ASURVEY of our group of otolaryngologists reveals a senior group of members, at least in part foreign trained, and a junior group, trained within the United States. I propose to make a few comments on the training and outlook of these two groups.
Training for our specialty has been standardized, minimum requirements have been established in the basic sciences, and a proper balance has been proposed for training programs in the clinics and in the hospitals. The plan was largely pioneered by those who were instrumental in founding or who served as members of our first examining board. Witness the names of George E. Shambaugh Sr., Harris P. Mosher, Joseph C. Beck, Thomas E. Carmody, Thomas H. Halsted, R. Clyde Lynch, Hanau A. Loeb, Burt R. Shurly, Ross H. Skillern, Frank R. Spencer, and William P. Wherry. Of this group only the kindly Dean of Otolaryngology, Harris P. Mosher, survives,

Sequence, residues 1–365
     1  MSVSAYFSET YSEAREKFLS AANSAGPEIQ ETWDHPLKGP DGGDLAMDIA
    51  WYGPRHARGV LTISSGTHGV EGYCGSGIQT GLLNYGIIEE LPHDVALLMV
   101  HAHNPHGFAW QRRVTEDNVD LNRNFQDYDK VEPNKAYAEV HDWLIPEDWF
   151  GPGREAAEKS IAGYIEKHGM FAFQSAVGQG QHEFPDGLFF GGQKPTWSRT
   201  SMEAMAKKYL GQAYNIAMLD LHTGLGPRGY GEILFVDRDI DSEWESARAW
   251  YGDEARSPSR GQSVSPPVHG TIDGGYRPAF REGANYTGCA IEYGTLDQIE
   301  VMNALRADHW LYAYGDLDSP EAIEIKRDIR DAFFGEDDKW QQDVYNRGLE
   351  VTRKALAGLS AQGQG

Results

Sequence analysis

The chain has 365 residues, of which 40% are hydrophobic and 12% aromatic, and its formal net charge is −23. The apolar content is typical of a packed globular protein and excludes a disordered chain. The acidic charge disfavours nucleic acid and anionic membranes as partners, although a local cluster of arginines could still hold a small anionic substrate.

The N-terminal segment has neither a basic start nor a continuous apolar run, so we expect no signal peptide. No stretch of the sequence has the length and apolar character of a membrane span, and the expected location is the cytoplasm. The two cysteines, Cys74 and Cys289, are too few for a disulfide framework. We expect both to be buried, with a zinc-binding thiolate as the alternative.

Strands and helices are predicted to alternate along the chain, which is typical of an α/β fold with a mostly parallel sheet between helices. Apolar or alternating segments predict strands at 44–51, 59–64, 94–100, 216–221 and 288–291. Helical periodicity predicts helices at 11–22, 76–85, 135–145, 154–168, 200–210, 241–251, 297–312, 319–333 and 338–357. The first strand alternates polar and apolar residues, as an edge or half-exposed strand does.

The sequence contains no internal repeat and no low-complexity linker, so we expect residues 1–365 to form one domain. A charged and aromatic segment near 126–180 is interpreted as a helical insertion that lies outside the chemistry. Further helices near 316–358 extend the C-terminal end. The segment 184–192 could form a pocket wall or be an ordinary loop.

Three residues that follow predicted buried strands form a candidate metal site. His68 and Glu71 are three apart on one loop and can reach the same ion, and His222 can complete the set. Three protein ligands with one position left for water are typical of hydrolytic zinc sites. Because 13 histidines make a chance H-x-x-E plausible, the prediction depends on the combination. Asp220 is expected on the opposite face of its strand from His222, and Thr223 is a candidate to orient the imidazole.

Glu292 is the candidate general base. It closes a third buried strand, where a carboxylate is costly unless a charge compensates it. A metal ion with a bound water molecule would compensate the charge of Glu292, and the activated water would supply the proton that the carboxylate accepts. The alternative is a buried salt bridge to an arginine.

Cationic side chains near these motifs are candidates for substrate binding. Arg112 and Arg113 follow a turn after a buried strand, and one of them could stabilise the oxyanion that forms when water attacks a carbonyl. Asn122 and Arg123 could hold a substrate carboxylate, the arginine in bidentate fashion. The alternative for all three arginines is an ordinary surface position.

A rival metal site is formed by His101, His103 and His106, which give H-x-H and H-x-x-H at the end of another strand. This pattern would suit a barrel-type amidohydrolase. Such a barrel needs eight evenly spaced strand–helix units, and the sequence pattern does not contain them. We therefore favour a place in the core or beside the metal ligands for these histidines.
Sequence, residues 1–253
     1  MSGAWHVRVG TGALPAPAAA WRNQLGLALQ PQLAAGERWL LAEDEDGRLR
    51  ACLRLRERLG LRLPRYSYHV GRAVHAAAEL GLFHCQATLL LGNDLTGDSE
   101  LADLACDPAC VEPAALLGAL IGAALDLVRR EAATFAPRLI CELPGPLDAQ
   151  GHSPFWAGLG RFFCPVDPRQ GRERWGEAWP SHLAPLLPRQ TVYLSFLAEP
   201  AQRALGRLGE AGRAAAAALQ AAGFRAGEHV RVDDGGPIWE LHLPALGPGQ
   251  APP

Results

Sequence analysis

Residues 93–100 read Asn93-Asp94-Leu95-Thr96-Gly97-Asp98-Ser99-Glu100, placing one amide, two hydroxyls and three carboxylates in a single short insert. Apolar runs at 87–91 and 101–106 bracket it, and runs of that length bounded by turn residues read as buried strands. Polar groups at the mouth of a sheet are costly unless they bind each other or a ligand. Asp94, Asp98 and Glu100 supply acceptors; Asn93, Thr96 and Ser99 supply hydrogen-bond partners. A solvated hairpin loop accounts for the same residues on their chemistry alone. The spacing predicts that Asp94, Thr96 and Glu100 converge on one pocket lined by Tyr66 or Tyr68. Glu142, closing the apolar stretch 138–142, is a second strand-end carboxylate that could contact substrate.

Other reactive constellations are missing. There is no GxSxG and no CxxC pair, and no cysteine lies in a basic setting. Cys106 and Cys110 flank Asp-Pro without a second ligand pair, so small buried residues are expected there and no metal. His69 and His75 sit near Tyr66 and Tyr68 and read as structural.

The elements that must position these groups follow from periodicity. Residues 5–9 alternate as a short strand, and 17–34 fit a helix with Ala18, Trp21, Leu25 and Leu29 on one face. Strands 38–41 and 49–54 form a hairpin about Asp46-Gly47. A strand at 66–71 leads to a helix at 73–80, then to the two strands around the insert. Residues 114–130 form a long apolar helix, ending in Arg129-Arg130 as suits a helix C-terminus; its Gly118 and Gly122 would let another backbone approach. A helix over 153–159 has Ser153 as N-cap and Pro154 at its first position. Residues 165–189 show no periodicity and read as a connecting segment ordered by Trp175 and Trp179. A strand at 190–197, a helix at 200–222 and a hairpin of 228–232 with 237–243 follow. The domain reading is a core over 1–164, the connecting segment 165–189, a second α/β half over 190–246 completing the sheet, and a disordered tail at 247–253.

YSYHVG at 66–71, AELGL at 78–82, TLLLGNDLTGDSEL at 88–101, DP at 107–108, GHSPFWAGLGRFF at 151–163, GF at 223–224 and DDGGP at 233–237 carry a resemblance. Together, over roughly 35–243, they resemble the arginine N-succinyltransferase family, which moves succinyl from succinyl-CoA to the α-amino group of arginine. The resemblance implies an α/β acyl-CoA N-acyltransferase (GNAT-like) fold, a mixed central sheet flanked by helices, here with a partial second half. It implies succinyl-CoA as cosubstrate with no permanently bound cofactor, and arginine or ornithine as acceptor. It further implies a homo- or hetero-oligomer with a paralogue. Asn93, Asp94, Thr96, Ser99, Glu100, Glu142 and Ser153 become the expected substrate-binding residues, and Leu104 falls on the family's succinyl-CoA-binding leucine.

LAWSON LJ. CHANGING CONCEPTS IN OTOLARYNGOLOGY. AMA Arch Otolaryngol. 1953;58(5):593–597. doi:10.1001/archotol.1953.00710040619007
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